It might sound a little weird to many, but a new report suggests that e-readers actually tend to get heavier every single time a new title is downloaded.
However, the report also claims that the difference in weight hardly affects users, as it is no larger than the weight of a single DNA molecule.
The study was carried out by Prof. John Kubiatowicz - a prominent computer researcher at the University of California. According to Kubiatowicz, the difference in weight occurs as the addition of new data results in electrons getting hold in a fixed position in the e-readers memory.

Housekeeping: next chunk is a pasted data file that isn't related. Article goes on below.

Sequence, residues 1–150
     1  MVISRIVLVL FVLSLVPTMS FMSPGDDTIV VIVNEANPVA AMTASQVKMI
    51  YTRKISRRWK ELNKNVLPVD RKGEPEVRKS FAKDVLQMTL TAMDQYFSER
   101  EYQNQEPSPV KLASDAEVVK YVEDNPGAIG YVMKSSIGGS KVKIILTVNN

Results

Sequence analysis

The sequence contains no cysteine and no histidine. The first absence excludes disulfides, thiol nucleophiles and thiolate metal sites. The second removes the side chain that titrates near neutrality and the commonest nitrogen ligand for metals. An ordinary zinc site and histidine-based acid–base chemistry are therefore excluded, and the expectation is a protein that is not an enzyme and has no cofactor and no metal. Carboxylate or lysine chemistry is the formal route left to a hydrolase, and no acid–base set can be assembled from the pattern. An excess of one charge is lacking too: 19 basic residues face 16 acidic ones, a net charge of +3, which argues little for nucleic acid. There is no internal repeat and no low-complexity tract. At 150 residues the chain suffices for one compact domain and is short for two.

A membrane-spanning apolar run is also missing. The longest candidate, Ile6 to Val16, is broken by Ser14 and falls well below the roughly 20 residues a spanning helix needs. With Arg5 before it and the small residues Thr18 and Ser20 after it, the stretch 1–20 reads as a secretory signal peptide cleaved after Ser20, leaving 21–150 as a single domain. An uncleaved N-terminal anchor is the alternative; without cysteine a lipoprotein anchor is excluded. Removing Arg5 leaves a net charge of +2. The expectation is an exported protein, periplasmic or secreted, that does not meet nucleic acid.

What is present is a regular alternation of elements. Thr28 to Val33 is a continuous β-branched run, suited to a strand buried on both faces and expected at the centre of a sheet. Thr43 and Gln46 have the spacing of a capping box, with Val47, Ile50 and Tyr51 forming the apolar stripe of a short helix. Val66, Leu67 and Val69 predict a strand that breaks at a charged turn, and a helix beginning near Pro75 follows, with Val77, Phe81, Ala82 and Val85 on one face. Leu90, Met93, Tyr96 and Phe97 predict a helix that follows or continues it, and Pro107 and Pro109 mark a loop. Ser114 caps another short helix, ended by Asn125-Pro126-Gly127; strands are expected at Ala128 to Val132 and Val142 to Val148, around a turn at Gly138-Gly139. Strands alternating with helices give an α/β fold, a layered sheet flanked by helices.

He also stated that though the electrons are already present in the device, holding them in a fixed place eventually results in the consumption of more energy.
According to Einstein's famous equation E= MC2, the higher energy consumption eventually results in an increase in the mass of the body, however small it be in magnitude.
The researcher also stated that e-readers tend to be a little bit more on the heavier side during summers as they consume more heat energy from the exposure to sunlight.
"If Prof Kubiatowicz is really struggling with the extra weight, he is welcome to come to Edinburgh where it's cooler, and the lack of thermal energy in his Kindle will more than compensate," Graeme Ackland, of Edinburgh University, said in an exclusive statement to the Guardian (opens in new tab).